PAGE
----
As an executive coach, I often get asked if ropes courses are an effective teamwork training option. After all, ropes course providers sell them that way.
Come conquer the mighty ROPES COURSE and your team will start to operate like Mission Control during Apollo 13.
In this post I review some of the latest research to understand important considerations for evaluating ropes course teamwork training. Does a ropes course fit for your specific team development needs? What are the benefits of a ropes course? Are there drawbacks of ropes course team building?
Effective Teamwork Training
The biggest criticisms typical ropes courses often receive is their lack of validity. Overall, research has failed to demonstrate ropes course programs improving team performance. Whether a ropes course is right for your team depends on your goals. It also depends on the ropes course. The design of the entire program is important, not just the activity it is centered around.
To be effective, teamwork training should produce measurable results. The training should be validated in a scientific way. And that validation is skill specific. Does teamwork training X improve team member skill in area Y.
Not all teamwork training is created equal, so it’s important to choose the correct training. Many ropes courses are simply a physical event. Other ropes courses include elements that can make them effective at developing teamwork skills.
What is Your Team Development Need?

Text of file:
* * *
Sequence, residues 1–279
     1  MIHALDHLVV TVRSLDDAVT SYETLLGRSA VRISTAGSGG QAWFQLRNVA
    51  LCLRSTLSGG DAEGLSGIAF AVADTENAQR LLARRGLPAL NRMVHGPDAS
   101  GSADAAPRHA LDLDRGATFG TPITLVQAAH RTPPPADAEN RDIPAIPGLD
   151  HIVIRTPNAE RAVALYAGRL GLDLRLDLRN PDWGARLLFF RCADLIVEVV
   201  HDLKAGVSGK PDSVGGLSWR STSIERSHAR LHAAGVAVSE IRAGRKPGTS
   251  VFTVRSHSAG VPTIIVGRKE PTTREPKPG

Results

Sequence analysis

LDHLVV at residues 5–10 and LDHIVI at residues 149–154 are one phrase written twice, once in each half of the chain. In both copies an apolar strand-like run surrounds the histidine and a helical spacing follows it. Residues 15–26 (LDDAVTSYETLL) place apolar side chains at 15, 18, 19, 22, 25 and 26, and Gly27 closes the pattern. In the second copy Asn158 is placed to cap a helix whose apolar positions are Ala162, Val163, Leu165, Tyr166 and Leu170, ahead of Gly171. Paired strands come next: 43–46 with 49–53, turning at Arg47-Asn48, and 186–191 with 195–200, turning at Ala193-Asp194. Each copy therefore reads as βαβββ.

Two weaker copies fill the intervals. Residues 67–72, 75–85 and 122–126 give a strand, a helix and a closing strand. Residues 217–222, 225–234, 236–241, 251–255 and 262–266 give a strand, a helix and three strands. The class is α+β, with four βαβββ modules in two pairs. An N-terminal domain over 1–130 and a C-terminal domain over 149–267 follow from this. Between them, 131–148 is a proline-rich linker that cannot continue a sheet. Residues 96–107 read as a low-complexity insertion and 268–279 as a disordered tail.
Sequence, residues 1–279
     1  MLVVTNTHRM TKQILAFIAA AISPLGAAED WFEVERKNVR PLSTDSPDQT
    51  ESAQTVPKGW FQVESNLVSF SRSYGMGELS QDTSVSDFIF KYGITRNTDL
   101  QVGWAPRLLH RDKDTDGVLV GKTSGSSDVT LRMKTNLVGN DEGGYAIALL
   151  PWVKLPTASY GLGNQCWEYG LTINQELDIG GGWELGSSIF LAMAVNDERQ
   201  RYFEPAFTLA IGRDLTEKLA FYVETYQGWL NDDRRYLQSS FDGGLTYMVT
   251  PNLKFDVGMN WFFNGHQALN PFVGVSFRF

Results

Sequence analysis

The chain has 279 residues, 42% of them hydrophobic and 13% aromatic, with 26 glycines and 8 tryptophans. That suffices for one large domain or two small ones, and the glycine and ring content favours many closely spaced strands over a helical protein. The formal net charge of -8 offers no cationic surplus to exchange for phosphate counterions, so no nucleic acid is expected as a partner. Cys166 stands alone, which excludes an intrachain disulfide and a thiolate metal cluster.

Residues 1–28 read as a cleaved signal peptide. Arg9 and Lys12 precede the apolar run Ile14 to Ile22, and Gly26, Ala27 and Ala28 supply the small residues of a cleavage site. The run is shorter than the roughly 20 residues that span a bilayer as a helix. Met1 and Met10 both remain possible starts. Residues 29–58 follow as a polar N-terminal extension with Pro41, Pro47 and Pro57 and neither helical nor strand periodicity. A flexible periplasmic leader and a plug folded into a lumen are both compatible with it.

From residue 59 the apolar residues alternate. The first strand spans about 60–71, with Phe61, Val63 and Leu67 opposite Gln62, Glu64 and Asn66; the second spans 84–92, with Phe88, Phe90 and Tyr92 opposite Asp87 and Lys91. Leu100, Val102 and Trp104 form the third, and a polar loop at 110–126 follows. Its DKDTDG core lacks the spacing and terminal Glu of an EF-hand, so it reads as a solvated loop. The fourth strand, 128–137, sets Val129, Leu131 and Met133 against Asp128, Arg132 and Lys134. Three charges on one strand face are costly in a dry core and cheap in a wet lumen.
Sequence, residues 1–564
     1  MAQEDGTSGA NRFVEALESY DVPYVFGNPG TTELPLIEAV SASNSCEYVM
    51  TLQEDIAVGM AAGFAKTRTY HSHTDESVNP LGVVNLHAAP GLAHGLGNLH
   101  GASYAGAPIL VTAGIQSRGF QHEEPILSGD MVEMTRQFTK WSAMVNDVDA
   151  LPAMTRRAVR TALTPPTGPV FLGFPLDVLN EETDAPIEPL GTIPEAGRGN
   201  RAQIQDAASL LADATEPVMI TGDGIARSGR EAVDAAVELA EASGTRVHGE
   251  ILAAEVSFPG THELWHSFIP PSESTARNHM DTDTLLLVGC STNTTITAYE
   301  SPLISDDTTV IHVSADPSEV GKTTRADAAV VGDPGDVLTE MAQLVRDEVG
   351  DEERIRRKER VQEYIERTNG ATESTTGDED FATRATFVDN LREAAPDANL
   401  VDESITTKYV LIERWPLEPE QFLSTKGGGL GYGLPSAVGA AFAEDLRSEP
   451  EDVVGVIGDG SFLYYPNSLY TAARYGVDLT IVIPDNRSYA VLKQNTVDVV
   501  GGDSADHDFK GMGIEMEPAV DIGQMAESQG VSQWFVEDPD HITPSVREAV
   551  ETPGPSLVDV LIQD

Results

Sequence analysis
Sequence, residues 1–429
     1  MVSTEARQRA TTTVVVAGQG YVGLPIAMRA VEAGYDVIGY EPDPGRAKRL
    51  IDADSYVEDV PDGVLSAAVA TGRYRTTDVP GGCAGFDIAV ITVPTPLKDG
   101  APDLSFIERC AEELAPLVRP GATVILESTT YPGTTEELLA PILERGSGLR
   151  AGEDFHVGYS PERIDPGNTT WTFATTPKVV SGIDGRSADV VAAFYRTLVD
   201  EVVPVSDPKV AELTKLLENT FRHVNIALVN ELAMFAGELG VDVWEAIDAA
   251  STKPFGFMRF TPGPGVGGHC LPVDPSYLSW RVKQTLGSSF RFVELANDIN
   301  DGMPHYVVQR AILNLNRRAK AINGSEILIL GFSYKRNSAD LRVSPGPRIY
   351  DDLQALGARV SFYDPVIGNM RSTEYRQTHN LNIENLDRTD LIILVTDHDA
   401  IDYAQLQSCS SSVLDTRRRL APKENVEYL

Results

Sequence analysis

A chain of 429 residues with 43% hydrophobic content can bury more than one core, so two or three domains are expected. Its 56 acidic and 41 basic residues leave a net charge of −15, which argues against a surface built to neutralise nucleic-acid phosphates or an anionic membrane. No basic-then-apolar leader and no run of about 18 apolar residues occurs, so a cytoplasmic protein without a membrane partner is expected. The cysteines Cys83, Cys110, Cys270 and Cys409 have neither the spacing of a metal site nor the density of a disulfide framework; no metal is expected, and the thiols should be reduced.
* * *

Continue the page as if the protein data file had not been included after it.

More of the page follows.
A ropes course does provide an opportunity to increase familiarity between team members quickly. Placing a team in a problem solving situation and asking them to work together creates familiarity. Whether familiarity is a worth while team building goal is a situation specific question. Regardless, if you are looking for a way to improve team familiarity, a ropes course might be a good way to do this in a relatively short amount of time.
Team familiarity may not be the right goal for you though. Familiarity is not necessarily congruent with better team performance nor better leadership or followership skills. And a long standing team is likely already highly familiar with one another.
Many of my clients seek improved team performance and cohesion rather than familiarity. Improved performance should result in better business outcomes. Cohesion will make the team more resilient and better able to deal with unforeseen situations. For example, some research shows that having your team eat together is equally effective for building cohesion among team members to a ropes course experience. In other words, facilitate or buy team lunches: it is as effective and likely much cheaper than a ropes course.
Different demographics respond differently to ropes courses. Ropes courses are a pseudo military physical activity. They involve close physical contact between your team members and they involve physically strenuous activities, risk, fear and hopefully (if ran well) the elation of hard won success.
Ropes courses were created for a different work force demographic than we have now. At their creation forty plus years ago, the workforce they targeted was predominantly male, and much less culturally diverse. Today, teams include a variety of ages, both sexes and multiple cultures. If you happen to work in an office of all male fitness enthusiast for example, a ropes course might be a good fit. However, that situation is increasingly rare.